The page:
A founding member of the Painters Eleven group and the subject of major retrospectives at the Art Gallery of Ontario (1976) and the National Gallery of Canada (2014), John Hamilton (Jack) Bush (born March 20, 1909 in Toronto; died January 24, 1977 in Toronto) was one of Canada’s most influential artists. Among the first Canadian painters of his generation to achieve international success in his lifetime, Bush was a masterful draftsman and colourist whose works are coveted by major institutions and private collectors throughout the world. Born in the Beaches neighbourhood of Toronto in 1909, Bush spent his childhood in London, Ontario, and Montréal, Québec, where he studied at the Royal Canadian Academy and apprenticed as a commercial artist in his father’s business, Rapid Electro Type Company. After relocating in 1928 to work in the firm’s Toronto offices, his interest in fine art grew through contact with members of the Group of Seven, the Ontario Society of Artists, and the Canadian Group of Painters. Working as a commercial artist by day, Bush painted and took night classes at the Ontario College of Art (now the Ontario College of Art and Design University) throughout the 1930s, studying under Frederick Challener, John Alfsen, George Pepper, J. E. H. MacDonald, and Charles Comfort. After forming the commercial design firm Wookey, Bush and Winter in 1942 with partners Leslie Wookey and William Winter, Bush remained engaged in the graphic art world until his retirement in 1968.

Like many of his contemporaries in Toronto, Bush had little exposure to international trends of modernism during his formative years as a painter. For nearly two decades, he drew inspiration for his landscape and figural paintings from works by members of the Ontario Society of Artists and the Canadian Group of Painters. Though he began to incorporate non-representational elements in his work in the late 1940s, Bush’s more focused experimentations with formal abstraction in the early 1950s reveal the conspicuous influence of his eventual encounters with modern artwork in Toronto and New York City. In 1953, Bush joined the newly-founded Toronto artist group Painters Eleven. Through his involvement in the group’s efforts to promote abstract painting in Canada, Bush met the influential New York City art critic Clement Greenberg. Their resulting friendship would influence Bush’s early development as an abstract painter, with Greenberg serving as an occasional mentor to the artist, encouraging him to abandon his Abstract Expressionist style in favour of a brighter, more refined palette and technique. Through his association with Painters Eleven, Bush became closely tied to Colour Field painting and Lyrical Abstraction—two movements that had evolved from Abstract Expressionism. After the group disbanded in 1959, Bush’s distinguished career was marked by numerous achievements, including the opportunity to represent Canada at the São Paulo Art Biennial in 1967, after which his art found considerable commercial success in the United States (Bush had already been showing his work in New York City since 1962). In 1963, Hugo McPherson in his review of Bush’s showing at the Gallery Moos, Toronto, linked Bush with Matisse as follows, “...he reminds us of the classical joy and simplicity of the later Matisse. This is his richest vein. His comments on France, Italy, and Spain, and his observations titled ‘Red on Pink’ and ‘Growing Plant’ are at once spare and bright and probing.”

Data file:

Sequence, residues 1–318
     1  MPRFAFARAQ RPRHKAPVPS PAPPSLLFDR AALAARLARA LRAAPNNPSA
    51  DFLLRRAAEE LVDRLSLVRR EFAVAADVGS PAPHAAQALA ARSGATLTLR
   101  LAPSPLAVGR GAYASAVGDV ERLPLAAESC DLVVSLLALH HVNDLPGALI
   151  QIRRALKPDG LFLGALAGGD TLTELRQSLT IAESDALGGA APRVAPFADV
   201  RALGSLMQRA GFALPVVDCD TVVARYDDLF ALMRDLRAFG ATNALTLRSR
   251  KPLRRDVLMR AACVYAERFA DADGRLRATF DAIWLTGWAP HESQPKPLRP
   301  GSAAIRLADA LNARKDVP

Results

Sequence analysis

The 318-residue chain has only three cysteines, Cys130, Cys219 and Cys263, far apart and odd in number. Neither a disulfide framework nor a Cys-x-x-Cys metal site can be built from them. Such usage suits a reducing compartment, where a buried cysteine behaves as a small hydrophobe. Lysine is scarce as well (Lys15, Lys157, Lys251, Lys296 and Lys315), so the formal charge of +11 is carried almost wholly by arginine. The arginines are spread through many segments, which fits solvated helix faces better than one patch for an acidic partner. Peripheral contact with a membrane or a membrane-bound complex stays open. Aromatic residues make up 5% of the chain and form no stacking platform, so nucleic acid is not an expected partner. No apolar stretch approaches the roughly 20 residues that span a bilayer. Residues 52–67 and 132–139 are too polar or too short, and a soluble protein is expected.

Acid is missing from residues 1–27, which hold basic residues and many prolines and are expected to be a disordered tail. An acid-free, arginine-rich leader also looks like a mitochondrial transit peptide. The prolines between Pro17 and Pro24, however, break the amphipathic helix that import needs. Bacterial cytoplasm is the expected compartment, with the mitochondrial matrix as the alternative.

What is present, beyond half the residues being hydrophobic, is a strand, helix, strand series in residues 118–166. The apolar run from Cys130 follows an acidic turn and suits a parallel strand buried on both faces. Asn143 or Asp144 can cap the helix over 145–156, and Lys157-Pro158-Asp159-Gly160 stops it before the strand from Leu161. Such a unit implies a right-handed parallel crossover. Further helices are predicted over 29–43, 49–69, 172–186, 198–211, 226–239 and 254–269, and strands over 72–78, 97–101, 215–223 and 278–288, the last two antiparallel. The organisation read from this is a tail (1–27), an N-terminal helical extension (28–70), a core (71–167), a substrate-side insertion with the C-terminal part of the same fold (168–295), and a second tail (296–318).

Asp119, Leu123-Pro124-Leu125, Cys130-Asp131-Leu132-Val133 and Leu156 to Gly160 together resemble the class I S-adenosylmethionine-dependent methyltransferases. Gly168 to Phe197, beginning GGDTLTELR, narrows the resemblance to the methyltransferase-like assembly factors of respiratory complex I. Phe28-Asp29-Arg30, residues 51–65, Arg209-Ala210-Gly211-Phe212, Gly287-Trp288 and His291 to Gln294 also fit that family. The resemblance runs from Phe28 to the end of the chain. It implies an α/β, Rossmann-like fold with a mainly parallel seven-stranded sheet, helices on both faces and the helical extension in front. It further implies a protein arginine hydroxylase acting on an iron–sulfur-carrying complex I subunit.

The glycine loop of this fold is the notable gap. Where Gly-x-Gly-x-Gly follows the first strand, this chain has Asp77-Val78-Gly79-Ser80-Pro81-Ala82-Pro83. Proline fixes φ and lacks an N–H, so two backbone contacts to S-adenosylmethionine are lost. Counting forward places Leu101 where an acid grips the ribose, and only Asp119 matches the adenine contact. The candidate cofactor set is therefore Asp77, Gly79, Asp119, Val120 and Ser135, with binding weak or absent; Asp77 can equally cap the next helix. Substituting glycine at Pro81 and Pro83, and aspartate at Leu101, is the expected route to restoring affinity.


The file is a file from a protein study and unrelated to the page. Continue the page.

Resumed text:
In 1972, Bush was the subject of the inaugural survey exhibition in the modern wing of the Boston Museum of Fine Arts. Four years later, the Art Gallery of Ontario organized a major touring retrospective of his work. Bush as a member of the Canadian Society of Painters in Water Colour, 1942 (former President); Ontario Society of Artists (former Vice-President) 1943; Associate Royal Canadian Academician, 1946; Canadian Group of Painters’, 1948, and the Art Directors’ Club of Toronto. In 2014, the National Gallery of Canada hosted a major retrospective exhibition of Jack Bush’s work with a comprehensive catalogue raisonné to be released in the years that follow.

Jack Bush died at the age of 68 in 1977, one year after he received the honour of Officer of the Order of Canada.